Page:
The Mirror & the Light

A Novel

    • 4.4 • 357 Ratings
    • $11.99
    • $11.99

Publisher Description

The brilliant #1 New York Times bestseller

Named a best book of 2020 by The New York Times, The Washington Post, TIME, The Guardian, and many more

With The Mirror & the Light, Hilary Mantel brings to a triumphant close the trilogy she began with her peerless, Booker Prize-winning novels, Wolf Hall and Bring Up the Bodies. She traces the final years of Thomas Cromwell, the boy from nowhere who climbs to the heights of power, offering a defining portrait of predator and prey, of a ferocious contest between present and past, between royal will and a common man’s vision: of a modern nation making itself through conflict, passion and courage.

The story begins in May 1536: Anne Boleyn is dead, decapitated in the space of a heartbeat by a hired French executioner. As her remains are bundled into oblivion, Cromwell breakfasts with the victors. The blacksmith’s son from Putney emerges from the spring’s bloodbath to continue his climb to power and wealth, while his formidable master, Henry VIII, settles to short-lived happiness with his third queen, Jane Seymour.

Cromwell, a man with only his wits to rely on, has no great family to back him, no private army. Despite rebellion at home, traitors plotting abroad and the threat of invasion testing Henry’s regime to the breaking point, Cromwell’s robust imagination sees a new country in the mirror of the future. All of England lies at his feet, ripe for innovation and religious reform. But as fortune’s wheel turns, Cromwell’s enemies are gathering in the shadows. The inevitable question remains: how long can anyone survive under Henry’s cruel and capricious gaze?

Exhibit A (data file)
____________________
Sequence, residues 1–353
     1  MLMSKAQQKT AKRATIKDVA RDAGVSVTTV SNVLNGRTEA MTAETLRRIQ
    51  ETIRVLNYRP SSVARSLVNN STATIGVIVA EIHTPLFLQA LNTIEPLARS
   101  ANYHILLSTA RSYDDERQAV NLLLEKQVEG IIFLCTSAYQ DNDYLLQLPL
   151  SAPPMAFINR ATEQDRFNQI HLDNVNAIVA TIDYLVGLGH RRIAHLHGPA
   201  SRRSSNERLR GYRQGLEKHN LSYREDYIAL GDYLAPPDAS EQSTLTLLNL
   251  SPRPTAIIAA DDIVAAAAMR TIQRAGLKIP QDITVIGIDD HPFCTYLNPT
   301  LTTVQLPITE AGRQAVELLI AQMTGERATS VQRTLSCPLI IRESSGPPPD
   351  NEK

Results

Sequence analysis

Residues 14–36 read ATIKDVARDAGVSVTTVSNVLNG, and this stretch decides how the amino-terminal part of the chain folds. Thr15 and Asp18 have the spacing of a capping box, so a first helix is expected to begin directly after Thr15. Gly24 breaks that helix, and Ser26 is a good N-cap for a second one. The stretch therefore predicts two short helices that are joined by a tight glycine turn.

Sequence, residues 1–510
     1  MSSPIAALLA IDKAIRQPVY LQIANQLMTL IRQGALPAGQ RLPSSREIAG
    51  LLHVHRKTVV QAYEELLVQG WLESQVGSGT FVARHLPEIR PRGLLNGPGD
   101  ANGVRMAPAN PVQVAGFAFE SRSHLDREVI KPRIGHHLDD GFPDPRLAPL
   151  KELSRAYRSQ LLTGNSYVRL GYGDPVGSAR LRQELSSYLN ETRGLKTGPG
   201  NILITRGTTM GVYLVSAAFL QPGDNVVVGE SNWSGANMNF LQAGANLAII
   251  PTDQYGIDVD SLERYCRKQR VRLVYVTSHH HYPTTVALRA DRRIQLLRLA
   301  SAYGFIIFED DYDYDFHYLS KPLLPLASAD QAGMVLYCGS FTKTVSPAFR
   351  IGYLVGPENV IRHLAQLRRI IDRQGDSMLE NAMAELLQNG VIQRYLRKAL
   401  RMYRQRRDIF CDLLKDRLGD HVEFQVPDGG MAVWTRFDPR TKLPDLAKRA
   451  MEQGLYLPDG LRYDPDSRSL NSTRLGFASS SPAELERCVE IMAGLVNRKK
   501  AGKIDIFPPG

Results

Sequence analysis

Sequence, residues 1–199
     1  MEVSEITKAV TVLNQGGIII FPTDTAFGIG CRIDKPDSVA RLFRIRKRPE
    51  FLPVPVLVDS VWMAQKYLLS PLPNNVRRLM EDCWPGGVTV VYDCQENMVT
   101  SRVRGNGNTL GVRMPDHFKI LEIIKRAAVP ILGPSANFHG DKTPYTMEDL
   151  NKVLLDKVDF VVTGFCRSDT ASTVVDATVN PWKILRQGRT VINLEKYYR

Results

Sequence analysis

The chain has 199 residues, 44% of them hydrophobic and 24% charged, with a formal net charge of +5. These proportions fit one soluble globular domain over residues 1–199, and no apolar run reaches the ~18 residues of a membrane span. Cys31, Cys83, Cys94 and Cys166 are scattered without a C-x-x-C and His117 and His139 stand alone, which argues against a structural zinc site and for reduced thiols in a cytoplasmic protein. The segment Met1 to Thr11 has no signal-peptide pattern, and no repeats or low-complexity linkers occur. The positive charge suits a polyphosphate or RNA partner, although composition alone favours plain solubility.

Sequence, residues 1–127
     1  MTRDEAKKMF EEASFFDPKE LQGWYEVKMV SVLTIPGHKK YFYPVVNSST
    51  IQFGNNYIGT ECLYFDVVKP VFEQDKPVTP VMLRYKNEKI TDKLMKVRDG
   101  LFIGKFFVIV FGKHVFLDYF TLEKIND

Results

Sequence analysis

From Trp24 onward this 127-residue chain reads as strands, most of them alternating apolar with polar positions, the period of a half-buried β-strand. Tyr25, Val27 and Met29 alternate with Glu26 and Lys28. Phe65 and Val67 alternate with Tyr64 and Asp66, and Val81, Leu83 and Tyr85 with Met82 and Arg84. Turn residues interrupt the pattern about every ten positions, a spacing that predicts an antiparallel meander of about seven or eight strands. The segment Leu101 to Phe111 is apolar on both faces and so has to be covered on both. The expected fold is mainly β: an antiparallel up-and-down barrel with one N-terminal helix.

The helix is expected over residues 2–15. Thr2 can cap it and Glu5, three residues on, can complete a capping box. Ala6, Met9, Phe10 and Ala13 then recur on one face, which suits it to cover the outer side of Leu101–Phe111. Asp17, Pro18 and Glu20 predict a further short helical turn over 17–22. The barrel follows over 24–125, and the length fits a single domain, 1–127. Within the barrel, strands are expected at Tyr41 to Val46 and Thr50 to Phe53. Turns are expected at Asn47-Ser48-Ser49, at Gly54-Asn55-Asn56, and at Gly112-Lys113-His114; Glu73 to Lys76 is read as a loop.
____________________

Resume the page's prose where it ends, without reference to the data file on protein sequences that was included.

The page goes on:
Eagerly awaited and eight years in the making, The Mirror & the Light completes Cromwell’s journey from self-made man to one of the most feared, influential figures of his time. Portrayed by Mantel with pathos and terrific energy, Cromwell is as complex as he is unforgettable: a politician and a fixer, a husband and a father, a man who both defied and defined his age.

Fiction & Literature
March 10
Henry Holt and Co.

Customer Reviews

Artist drake ,

The Mirror and the Light

This book was a great disappointment; although Mantel’s style is consistently of high quality the content is overly inflated. Her use of side plots which contribute little to the main storyline are irritating. These plus an overly large use of a characters musings cause the book to drag on endlessly. I’ve rarely been so happy to finish such an overinflated book.

juliusa ,

Not Up To Par

I agree with another viewer, poor formatting. Wide margins, narrow reading area. Beyond that this was just boring. First 200 pages not bad, last 150 good, all in between filler garbage. Was there a contract to write a huge book? Cromwell was basically an evil and somewhat twisted man, and this attempt to make excuses for him just doesn’t work. Also, back to saying this like “ he,Cromwell” so you know who is speaking or doing what. Annoying! I am disappointed and have to advise you to pass.

is1this1nickname1also1taken ,

Typos, and bad margins on Apple

I’m only a short way in, after devouring the first two when they arrived. For ten years I’ve read the first two on my phone whenever I need to pass the time. This new book, which I preordered after waiting for years, is nearly unreadable on my phone. The margins are so wide that combined they take up as much total width as the words. It’s awful. Wondering whether there’s a way to read this in the kindle app? Otherwise I suppose I’ll need to purchase again in another format. Do not buy this on iBooks.

Also, I’m only a short way in and discovered two typos already.

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